FIG. 2A shows the joint of an unexpanded pipe 100 with a nominal diameter to wall thickness ratio (d / t) of approximately 20. The unexpanded pipe 100 is made, for example, of carbon steel with a yield strength of 80,000 psi. On the unexpanded pipe shown in figa, there is no connection. The unexpanded pipe has an inner diameter (ID) of 100A, an outer diameter (OD) of 100 V and a wall thickness of 100C. The unexpanded pipe 100 is intended to be expanded with a dispensing tool 101, which typically moves through the unexpanded pipe 100 in the direction 100A from the unexpanded first end 102 towards the unexpanded second end 103.
On figv shows the joint of the pipe 104 after its expansion. The expanded pipe has an inner diameter (ID) 104A, an outer diameter (OD) 104B, and a wall thickness 104C. The expanded pipe 104 is shorter than the unexpanded pipe with a smooth end (100 in Fig. 2A) (note that in Fig. 2B, the degree of shortening of the pipe is exaggerated for clarity), and the wall thickness of the expanded pipe 104C is generally less than the wall thickness of the unexpanded pipe (100C by figa). The ends 105, 106 of the expanded pipe 104 with a smooth end show the deformations characteristic of casing and tubing, which are expanded by a cold formed conical "ingot", such as the transfer tool 101 shown in FIG. 2A. The expanded first end 105 exhibits radial expansion at the end of the pipe and axial creasing or corrugation near the pipe portion adjacent to the end. The expanded second end 106 exhibits a radial narrowing near the end. Note that the radial displacement of the pipe wall is exaggerated for clarity.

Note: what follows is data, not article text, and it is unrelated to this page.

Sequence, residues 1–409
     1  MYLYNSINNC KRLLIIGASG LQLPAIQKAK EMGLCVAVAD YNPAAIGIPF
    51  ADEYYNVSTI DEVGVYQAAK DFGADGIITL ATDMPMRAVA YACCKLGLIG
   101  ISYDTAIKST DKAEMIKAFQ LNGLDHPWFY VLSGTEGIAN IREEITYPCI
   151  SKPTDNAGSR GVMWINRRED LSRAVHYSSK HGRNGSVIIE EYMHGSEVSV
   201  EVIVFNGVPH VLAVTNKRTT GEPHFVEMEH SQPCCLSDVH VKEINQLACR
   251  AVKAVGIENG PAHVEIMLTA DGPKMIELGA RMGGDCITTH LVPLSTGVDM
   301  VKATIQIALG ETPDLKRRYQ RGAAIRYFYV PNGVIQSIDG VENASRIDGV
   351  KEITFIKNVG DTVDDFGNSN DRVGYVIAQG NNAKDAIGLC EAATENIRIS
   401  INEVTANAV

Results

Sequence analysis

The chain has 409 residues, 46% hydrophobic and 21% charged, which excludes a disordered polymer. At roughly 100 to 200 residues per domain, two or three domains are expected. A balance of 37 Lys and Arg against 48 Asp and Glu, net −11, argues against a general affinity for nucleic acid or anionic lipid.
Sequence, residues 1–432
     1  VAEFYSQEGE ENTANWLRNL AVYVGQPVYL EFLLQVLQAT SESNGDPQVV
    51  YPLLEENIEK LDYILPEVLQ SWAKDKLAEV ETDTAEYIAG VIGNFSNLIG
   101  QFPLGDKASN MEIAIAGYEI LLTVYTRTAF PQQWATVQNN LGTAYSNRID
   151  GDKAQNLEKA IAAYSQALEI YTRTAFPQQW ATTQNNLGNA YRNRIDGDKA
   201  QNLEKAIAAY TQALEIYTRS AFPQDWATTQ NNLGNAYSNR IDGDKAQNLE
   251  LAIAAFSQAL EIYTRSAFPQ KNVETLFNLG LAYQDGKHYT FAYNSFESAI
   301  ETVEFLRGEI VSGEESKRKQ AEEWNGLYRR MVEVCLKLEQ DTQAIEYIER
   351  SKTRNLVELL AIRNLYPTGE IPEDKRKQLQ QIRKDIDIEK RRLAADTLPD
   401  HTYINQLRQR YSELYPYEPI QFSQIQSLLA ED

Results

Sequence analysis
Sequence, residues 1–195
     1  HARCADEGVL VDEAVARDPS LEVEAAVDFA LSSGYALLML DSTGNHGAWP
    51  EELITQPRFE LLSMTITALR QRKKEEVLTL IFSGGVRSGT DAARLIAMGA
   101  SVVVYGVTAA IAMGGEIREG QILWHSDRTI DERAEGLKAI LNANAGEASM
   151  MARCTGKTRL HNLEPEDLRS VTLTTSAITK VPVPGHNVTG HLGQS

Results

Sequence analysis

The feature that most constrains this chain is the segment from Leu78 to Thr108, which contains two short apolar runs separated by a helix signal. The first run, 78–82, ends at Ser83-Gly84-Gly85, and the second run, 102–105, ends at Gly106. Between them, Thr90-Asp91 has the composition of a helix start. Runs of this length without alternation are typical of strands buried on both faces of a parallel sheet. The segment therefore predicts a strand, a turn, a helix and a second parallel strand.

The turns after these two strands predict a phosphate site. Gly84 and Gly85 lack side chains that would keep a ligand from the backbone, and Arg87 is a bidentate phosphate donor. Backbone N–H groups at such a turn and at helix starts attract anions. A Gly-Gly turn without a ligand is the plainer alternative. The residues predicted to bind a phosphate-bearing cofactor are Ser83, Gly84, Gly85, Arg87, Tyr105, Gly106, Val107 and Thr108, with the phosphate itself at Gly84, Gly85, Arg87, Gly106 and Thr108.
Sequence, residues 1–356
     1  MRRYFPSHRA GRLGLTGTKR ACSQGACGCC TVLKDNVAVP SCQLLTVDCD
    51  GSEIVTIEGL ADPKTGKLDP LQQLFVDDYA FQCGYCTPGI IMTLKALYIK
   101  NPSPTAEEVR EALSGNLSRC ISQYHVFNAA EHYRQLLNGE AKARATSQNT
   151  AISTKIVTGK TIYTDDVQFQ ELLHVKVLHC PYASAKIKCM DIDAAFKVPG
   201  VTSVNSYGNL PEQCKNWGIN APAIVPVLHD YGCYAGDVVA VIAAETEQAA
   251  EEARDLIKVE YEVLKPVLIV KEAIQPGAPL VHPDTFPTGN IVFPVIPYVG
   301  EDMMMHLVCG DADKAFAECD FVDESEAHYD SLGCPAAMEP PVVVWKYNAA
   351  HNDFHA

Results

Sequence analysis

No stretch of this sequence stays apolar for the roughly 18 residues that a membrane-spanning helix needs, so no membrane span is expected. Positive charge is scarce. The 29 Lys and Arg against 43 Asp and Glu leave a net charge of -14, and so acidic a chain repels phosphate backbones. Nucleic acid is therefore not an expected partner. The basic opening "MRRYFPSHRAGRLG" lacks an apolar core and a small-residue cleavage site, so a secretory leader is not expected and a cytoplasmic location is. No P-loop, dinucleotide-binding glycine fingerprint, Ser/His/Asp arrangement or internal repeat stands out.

On figa graphically shows the deformation of the expanded pipe with a smooth end (104 from figv) along the length of the pipe (104 from figv), close to the expanded end (105 in figv). The strain at the first expanded end (105 in FIG. 2B) is shown at the end of graph 108A, while the strain in the near body of the pipe is shown toward the end of graph 108B. Note that FIG. 3B shows a cross section of the pipe, which can be observed as a physical consequence of the graphs shown in FIG. 3A.
3A, strains in the expanded inner diameter (104A in FIG. 3B) are shown as the circumferential strain curve 107A of the inner diameter, the axial strain curve 107C of the inner diameter and the radial strain curve 107E of the inner diameter. The strains in the expanded outer diameter (104A in FIG. 3B) are shown as the circumferential strain curve 107B of the outer diameter, the axial strain curve 107D of the outer diameter and the radial strain curve 107F of the outer diameter. Note that axial strains (107C and 107D) and radial strains (107E and 107F) are essentially constant and negative in the body of the pipe, as shown near the end of graph 108B, confirming that the pipe (104 in FIG. 3B), as expected , becomes shorter and has a reduced wall thickness after its expansion with a handout tool (101 in FIG. 2A).